Dublin is a city, located in central Ohio, the state capital. In 1987 Dublin's resident Maria McLernon visited Ireland to learn more about traditions and culture of the country. This has resulted in Dublin's acquiring the status of a city. Thus the first anniversary of Dublin, Ohio as a city coincided with the millennium celebration of Ireland. McLernon was trying to establish connection between two Dublins through Irish music, art and culture. For this reason 1/1000 Committee was created with the purpose of hosting events like the party "Happy Birthday, Dublin". The members of the committee included Bill Denihan, Terrie Conrad, Mary Margaret McLernon, Jack Eggspuehler, Barbara Avery, Chuck Kranstuber, Kay McGovern, Phil Price and Morton O'Kelly, who made significant contributions to the establishment of the Dublin Irish Festival, one of the top Irish fests in the United States.
The first Dublin Irish Festival was held in the City of Dublin in 1993. Since then it has reflected the original intent of its founders: to showcase high-quality Irish entertainment and culture. Entertainment is provided by a variety of performers, both regional and international. Six stages of the festival feature a number of performances by popular entertainers from the United States and Ireland. The "Cultural Center" of the festival includes workshops, exhibitions, theatre performances and story telling. "Emerald Isle" offers the unique chance to purchase original works of art, while "Marketplace" is helpful in selecting souvenirs.
In nearly every corner, Irish crafts people and musicians demonstrate their talents. With its Wendy's Wee Folk Area, growing each year, the festival turns into the perfect place for the entire family. The 25th anniversary of the Columbus Festival brings together more than 1,500 top Irish dancers.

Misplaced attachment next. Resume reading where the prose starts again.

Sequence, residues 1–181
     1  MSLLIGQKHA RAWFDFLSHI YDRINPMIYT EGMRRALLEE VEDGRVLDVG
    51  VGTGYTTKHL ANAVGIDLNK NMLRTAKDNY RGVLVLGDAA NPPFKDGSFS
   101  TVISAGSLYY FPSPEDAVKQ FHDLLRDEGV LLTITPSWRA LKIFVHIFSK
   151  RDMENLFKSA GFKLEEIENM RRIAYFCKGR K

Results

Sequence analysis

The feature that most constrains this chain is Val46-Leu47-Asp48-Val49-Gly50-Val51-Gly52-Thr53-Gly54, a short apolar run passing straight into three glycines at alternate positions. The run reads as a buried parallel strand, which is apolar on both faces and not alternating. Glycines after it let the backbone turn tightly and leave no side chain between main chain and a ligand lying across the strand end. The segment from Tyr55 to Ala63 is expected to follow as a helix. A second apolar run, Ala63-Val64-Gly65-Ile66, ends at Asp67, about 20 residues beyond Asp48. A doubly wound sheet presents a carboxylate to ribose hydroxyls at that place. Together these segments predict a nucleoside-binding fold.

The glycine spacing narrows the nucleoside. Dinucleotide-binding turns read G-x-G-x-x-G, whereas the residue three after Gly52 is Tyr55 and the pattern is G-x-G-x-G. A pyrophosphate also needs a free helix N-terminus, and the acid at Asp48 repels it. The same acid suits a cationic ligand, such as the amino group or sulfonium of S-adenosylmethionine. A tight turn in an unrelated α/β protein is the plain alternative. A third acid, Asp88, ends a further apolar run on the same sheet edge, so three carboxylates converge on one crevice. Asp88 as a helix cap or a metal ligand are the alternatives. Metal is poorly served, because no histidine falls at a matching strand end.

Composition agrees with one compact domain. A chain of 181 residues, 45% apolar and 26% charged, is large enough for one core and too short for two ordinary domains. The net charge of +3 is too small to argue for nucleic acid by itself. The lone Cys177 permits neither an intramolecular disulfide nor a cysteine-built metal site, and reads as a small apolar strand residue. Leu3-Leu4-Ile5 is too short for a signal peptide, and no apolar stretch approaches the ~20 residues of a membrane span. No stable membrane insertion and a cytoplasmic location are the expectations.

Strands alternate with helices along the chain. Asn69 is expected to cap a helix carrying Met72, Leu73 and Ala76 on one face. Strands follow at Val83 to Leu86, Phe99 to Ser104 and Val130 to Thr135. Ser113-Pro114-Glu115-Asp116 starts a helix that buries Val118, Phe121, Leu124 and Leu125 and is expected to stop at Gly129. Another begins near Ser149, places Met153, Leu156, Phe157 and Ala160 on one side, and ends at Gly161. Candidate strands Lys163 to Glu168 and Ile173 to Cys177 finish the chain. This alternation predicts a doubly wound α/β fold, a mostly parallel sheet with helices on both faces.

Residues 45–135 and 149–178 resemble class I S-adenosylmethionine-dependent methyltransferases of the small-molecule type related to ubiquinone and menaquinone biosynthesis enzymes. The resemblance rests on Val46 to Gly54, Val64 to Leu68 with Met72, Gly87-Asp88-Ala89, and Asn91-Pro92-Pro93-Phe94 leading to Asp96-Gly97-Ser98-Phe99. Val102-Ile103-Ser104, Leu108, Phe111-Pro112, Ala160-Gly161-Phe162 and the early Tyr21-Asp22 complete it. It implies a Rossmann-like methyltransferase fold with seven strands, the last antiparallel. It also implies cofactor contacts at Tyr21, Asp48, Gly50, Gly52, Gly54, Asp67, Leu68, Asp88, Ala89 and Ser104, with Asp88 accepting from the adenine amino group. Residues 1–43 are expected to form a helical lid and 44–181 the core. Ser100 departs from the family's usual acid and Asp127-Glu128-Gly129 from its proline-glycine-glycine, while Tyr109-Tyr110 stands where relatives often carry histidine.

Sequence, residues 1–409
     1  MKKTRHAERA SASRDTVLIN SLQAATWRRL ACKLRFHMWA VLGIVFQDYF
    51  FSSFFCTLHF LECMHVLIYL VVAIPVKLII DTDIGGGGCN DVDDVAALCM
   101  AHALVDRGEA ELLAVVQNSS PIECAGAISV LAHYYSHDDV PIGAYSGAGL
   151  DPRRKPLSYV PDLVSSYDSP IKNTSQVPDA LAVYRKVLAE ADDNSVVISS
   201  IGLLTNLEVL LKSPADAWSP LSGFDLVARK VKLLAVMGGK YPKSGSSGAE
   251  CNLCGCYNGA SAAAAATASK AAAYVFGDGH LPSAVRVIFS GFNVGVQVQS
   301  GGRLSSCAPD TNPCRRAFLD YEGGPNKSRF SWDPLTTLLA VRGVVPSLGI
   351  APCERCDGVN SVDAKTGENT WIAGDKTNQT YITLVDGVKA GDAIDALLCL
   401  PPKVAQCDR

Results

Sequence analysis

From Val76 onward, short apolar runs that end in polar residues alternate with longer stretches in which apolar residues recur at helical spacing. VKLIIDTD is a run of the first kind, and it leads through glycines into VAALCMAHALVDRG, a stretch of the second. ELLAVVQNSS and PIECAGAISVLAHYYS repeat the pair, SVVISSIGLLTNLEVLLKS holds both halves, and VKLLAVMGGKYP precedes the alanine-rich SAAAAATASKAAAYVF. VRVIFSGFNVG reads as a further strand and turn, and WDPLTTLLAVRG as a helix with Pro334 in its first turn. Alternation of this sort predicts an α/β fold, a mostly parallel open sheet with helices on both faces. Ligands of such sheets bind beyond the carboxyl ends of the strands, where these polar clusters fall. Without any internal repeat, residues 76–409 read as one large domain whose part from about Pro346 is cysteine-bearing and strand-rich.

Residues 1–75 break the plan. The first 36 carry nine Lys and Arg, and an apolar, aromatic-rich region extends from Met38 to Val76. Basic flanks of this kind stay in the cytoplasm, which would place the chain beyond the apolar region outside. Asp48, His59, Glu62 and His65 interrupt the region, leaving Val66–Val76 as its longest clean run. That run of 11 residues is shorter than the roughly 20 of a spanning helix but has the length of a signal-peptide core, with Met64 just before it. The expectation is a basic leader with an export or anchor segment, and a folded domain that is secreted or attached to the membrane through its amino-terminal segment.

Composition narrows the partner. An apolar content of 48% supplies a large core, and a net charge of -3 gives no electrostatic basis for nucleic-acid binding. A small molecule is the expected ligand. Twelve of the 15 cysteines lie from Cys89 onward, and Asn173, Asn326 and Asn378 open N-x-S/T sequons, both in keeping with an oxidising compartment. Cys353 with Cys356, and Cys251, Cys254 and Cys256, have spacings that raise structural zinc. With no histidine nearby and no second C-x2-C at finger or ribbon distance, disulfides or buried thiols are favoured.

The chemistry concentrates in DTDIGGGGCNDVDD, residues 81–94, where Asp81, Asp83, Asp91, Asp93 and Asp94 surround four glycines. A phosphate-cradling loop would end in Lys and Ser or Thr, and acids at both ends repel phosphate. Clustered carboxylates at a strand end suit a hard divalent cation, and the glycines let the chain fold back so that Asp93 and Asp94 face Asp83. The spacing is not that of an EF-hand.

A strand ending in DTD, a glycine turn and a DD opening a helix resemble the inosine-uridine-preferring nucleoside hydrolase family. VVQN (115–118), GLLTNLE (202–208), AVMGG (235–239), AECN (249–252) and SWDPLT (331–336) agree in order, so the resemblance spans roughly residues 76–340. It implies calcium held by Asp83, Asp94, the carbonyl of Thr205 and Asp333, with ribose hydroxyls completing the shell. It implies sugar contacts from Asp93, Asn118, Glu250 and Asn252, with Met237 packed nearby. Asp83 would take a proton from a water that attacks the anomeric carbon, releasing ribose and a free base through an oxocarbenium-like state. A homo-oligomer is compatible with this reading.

In 2005, the headliners were National Champion Dancer Heather Team, the Columbus Celtic Dancers, Tim Academy of Irish Dance and Junior Academy, and the NiChiara and the Shanagan Dance School. Irish dance competition occurs on Saturday, the second day of the festival.
Over the years the Dublin Irish Festival Committee has expanded the holiday to a great extent, maintaining the goal of introducing people to unique Irish culture. While establishing regional, national and international relations, the festival has acquired the status of one of the leading cultural events nationwide. Attendance of the festival has increased over the years from 12,000 as of 1995 to nearly 75,000 visitors in 2003. The festival is greatly supported by volunteers, who have raised over $140,000 for their organizations' support during the period of 1999-2003.
The 2006 Dublin Irish Festival is scheduled for August 4-6. As always, it will take place in Dublin's Coffman Park. This year, a three-day event is expected to attract 85,000 spectators from the Central Ohio and Dublin area, all of whom are interested in the cultural heritage of Ireland. In 2004 the American Bus Association ranked the festival among the top 100 events in the nation.